- E – retail has become the new market. Anything and everything can be sold or bought one retail. So, to provide exposure to these handicraft products, the focus should also shift to online marketing. Online marketing strategies can be developed by the government.
- Brands like Tjori, Ethnic Kraft etc which sell handmade local products should be encouraged. Such brands do exist but are very limited than what we need for this sector.
- Skill development programmes should be initiated more regularly to help the artisans hone their talent.
- Another important step that the government can take is to develop programmes for the artisans to enhance their technical knowledge with machines. Better machinery can be used to speed up production and also save labor.
- Since most of the local artisans are generally women, (Data shows that 55% of the local artisans are women), it is important to ensure that they do not face any kind of exploitation.
- Since the local artisans have little or no money to start their proper enterprises the government should increase financial aid to startups of this sector. To boost this sector and encourage more and more artisans to start their enterprises the government will have to increase its spending on this sector the most. Even though the government does provide them loans with lower rates of interest but it requires more than that. Even the lower rates of interest are quite high for them to be able to pay.
- Another important measure for the government would be to exempt this sector from GST. The GST that was implemented in 2017 has been eating in a significant share of the earning of these local artisans and it is only fair to exempt them from this tax. Their earnings are anyway very less and can only accommodate ‘hand to mouth’ and the GST on top of that has been a nightmare for these artisans.
- Keeping in mind the growing competition, these local artisans are losing out even more due to the lack of exposure. Since these artisans belong to rural areas, they do not have the required knowledge of the markets and thus cannot tap suitable consumers for their products. The government can still work for increasing their visibility with the urban markets where they can sell their products at a decent price.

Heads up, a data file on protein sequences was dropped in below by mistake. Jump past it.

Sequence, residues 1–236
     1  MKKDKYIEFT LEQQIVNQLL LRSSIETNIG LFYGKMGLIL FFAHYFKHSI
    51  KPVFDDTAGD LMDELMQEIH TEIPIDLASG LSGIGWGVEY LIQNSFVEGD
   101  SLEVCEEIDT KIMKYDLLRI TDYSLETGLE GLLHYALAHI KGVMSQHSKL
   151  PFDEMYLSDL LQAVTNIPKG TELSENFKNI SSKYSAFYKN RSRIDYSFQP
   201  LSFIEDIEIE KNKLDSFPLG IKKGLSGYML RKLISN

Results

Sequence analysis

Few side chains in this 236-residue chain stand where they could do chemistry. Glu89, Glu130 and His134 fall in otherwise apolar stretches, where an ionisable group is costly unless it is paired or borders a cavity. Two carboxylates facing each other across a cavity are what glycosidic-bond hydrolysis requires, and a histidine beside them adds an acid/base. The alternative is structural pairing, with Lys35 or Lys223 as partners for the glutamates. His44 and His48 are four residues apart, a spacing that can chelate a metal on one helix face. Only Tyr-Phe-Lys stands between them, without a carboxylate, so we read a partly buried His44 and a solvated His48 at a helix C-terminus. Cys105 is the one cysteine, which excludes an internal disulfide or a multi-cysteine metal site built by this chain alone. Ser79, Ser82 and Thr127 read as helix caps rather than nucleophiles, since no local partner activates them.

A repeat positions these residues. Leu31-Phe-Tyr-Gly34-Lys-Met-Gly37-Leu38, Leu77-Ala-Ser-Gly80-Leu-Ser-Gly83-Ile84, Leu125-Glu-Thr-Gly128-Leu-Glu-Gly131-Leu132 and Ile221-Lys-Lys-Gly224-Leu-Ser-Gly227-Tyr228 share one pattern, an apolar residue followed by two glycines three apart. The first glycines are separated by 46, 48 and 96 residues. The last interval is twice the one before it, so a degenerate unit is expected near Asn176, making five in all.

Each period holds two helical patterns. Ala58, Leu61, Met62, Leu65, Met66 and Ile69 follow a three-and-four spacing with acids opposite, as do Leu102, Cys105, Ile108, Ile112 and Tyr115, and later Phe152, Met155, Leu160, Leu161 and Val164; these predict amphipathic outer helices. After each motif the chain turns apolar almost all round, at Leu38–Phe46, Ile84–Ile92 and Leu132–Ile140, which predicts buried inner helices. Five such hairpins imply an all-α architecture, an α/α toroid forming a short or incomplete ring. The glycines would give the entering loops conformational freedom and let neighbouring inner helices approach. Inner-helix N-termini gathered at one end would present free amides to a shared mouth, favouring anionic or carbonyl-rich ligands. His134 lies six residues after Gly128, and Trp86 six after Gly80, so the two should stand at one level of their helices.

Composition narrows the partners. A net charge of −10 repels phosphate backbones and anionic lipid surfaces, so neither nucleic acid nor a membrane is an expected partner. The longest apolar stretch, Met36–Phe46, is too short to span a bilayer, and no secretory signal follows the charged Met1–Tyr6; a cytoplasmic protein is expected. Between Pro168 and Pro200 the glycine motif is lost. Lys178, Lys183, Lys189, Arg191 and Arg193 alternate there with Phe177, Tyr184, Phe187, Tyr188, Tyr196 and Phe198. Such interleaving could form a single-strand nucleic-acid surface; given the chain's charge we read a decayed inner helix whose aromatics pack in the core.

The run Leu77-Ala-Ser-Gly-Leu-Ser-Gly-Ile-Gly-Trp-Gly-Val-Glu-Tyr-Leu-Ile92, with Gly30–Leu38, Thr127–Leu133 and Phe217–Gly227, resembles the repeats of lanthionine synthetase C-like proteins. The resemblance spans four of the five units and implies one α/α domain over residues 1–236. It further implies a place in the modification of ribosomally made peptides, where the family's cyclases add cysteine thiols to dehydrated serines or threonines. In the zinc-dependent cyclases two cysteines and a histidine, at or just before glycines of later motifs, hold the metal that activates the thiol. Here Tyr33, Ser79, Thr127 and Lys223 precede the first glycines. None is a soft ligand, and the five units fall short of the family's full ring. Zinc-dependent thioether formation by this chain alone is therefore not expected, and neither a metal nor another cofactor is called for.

- Illiteracy has also been a major issue with these artisans due to which they get easily exploited by the middlemen. Here, the government can intervene in two ways. One, by providing at least the minimum education required for these artisans to work in this sector and the second by curbing the role of middlemen. Middlemen tend to exploit these artisans the most, by shaving their profits and earning money through them.
- The handicrafts sector is essentially a part of the unorganised sector causing even more problems to keep a track of. However, there should be policies to secure their livelihood and protect them from further damage. A proper record should be maintained of these businesses and supervised regularly to check on the needs of these artisans as they are essentially the representation of our rich culture.
Implementation of the Strategies in Rural Economy- A Way Forward
It is of utmost importance that this sector is taken care of since it has already been hit hard twice in the recent past, once during the demonetisation and the other during this pandemic. The handicrafts sector is the second largest employer of the country after the agriculture sector which shows that a large number of people are attached to this sector.
Implementing these strategies would require a lot of government involvement and also a lot of government spending which is the only way forward from here. These strategies will help the handicrafts industry in realising its full potential. If there is proper implementation of these strategies, it can also boost the demand for these products and that can actually help revive this sector. It is going to take time to come out of the aftereffects of this pandemic but we need to boost the sectors that need the most attention. If left on their own, the local artisans will lose their livelihood and the country will lose a large chunk of its culture and art. The government needs to redefine a lot of norms and be more inclusive while formulating any policy for the country. It’s the root of our country that matter the most right now. Rural India is where a maximum of Indians reside and it is important to develop and boost the small economy businesses of the unorganised sector, one of which is the handicrafts industry.
The government is working towards reviving this sector but there needs to be a more pro-active involvement of the government in terms of policies, programmes, financial aids etc. It is important that we come up with more such strategies and develop a stronger rural India that represents our strong culture and defining history.